The events leading up to LULAC's appeal are considerably less involved than in CSS. LULAC filed its suit in July 1987, challenging the validity of the INS's fraudulent reentry regulation. As noted above, IRCA required an alien seeking legalization to show that he or she had resided continuously and unlawfully in the United States since January 1, 1982. See 8 U.S.C. § 1255a(a)(2)(A) (1988). In August 1987, the INS issued 8 C.F.R. § 245a.2(b)(8) (1991), which had the effect of declaring statutorily ineligible for legalization any alien who left the United States and reentered using any sort of fraudulent visa or fraudulent INS documentation. The INS apparently reasoned that reentry by use of a fraudulent but facially valid immigration document was constructively lawful and therefore interrupted the continuous unlawful residency requirement. Several aliens and LULAC sued to invalidate this regulation as contrary to IRCA and the Equal Protection Clause.
We note that the parties in LULAC stipulated to the dismissal of the organizational plaintiffs. For the sake of convenience, we will continue to refer to the case as "LULAC."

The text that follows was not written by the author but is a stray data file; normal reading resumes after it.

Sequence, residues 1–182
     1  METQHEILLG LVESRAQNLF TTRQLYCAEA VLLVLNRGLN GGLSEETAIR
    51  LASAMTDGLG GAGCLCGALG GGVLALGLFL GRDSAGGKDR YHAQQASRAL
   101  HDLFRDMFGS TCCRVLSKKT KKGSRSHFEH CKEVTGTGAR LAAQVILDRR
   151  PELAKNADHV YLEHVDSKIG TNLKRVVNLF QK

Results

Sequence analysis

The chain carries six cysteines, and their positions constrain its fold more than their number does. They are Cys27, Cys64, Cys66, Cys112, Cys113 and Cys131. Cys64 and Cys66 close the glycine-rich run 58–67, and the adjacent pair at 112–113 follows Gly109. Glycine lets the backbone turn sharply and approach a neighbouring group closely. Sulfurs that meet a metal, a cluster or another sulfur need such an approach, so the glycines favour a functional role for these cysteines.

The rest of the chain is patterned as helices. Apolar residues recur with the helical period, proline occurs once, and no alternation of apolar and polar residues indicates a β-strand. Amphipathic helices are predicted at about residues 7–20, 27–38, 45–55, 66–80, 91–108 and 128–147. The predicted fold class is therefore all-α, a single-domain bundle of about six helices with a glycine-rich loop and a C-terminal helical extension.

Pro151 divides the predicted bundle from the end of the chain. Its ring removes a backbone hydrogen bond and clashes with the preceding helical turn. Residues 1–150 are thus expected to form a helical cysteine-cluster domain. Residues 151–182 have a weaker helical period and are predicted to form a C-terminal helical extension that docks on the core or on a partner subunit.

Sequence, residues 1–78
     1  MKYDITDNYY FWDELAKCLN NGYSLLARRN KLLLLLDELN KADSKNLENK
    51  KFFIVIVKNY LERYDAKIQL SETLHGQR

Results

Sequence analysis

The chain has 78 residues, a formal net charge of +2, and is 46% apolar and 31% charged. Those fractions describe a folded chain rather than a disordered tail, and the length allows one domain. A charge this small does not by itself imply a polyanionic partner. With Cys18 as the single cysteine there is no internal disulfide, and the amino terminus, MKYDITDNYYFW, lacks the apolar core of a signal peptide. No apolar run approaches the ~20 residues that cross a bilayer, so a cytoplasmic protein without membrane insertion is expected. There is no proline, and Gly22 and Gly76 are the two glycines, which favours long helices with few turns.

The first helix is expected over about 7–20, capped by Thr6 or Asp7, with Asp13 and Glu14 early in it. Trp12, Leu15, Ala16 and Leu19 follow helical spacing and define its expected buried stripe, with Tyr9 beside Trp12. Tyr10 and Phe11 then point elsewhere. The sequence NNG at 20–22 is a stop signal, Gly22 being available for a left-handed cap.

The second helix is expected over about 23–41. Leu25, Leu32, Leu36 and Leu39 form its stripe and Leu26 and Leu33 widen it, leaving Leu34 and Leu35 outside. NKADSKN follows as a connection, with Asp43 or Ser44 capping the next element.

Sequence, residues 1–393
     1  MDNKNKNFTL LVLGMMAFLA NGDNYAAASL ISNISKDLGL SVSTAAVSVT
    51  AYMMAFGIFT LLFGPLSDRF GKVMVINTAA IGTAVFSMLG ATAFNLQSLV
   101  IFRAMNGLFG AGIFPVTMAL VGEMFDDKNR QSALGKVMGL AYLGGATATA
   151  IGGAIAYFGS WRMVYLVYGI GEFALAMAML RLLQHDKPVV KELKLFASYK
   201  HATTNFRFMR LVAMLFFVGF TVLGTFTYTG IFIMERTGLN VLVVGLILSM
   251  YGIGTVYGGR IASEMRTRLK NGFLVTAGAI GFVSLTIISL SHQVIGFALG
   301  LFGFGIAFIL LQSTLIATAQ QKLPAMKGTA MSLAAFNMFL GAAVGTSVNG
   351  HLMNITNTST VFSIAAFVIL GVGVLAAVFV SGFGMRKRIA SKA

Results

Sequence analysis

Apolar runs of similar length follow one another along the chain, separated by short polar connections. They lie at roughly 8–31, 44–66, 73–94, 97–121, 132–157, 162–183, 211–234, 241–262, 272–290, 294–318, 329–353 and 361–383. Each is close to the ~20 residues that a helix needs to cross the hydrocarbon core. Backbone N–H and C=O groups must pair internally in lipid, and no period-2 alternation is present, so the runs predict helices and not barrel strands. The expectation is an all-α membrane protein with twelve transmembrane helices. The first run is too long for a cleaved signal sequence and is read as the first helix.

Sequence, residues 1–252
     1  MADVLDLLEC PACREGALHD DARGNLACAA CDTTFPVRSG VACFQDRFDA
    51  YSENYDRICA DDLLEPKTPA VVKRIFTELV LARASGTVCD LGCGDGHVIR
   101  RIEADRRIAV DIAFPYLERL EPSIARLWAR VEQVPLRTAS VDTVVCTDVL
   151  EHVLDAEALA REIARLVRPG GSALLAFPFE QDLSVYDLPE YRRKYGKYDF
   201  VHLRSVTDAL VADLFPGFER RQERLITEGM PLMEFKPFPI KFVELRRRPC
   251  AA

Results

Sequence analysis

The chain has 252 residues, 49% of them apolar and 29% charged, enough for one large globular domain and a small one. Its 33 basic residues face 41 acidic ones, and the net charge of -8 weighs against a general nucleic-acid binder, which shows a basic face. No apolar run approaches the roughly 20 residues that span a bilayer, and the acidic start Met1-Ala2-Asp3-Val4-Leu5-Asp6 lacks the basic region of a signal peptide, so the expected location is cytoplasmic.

In October 1987, before the district court heard the action, the INS changed the fraudulent reentry policy. Under the new policy, announced at 8 C.F.R. §§ 245a.2(b)(9) and (10) (1991), an alien entering under a fraudulent document would be eligible for legalization but had to apply for a waiver excusing the fraud. The LULAC plaintiffs responded to the change by amending their complaint to seek a declaratory judgment that the original regulation had been invalid.
In July 1988, the district court granted the plaintiffs' motion for class certification and rendered its decision. The court found that the first fraudulent reentry regulation conflicted with IRCA but that the waiver revision was valid. After directing the parties to submit additional briefing on the issue of an appropriate remedy and specifically instructing them to consider the effect of Immigration and Naturalization Serv. v. Pangilinan, 486 U.S. 875, 108 S.Ct. 2210, 100 L.Ed.2d 882 (1988), the court ordered a remedy similar to the injunction awarded to CSS. It directed the INS to extend the application deadline from May 4 to November 30, 1988 for aliens in the certified class who qualified for legalization but were deemed ineligible for it under the original reentry policy. In reaching its decision, the court found that it had subject matter jurisdiction and that Pangilinan did not bar the extension.
The Government appeals the August order. It challenges both the jurisdiction ruling and the deadline extension. The parties agreed to a stay of the injunction during the pendency of this review.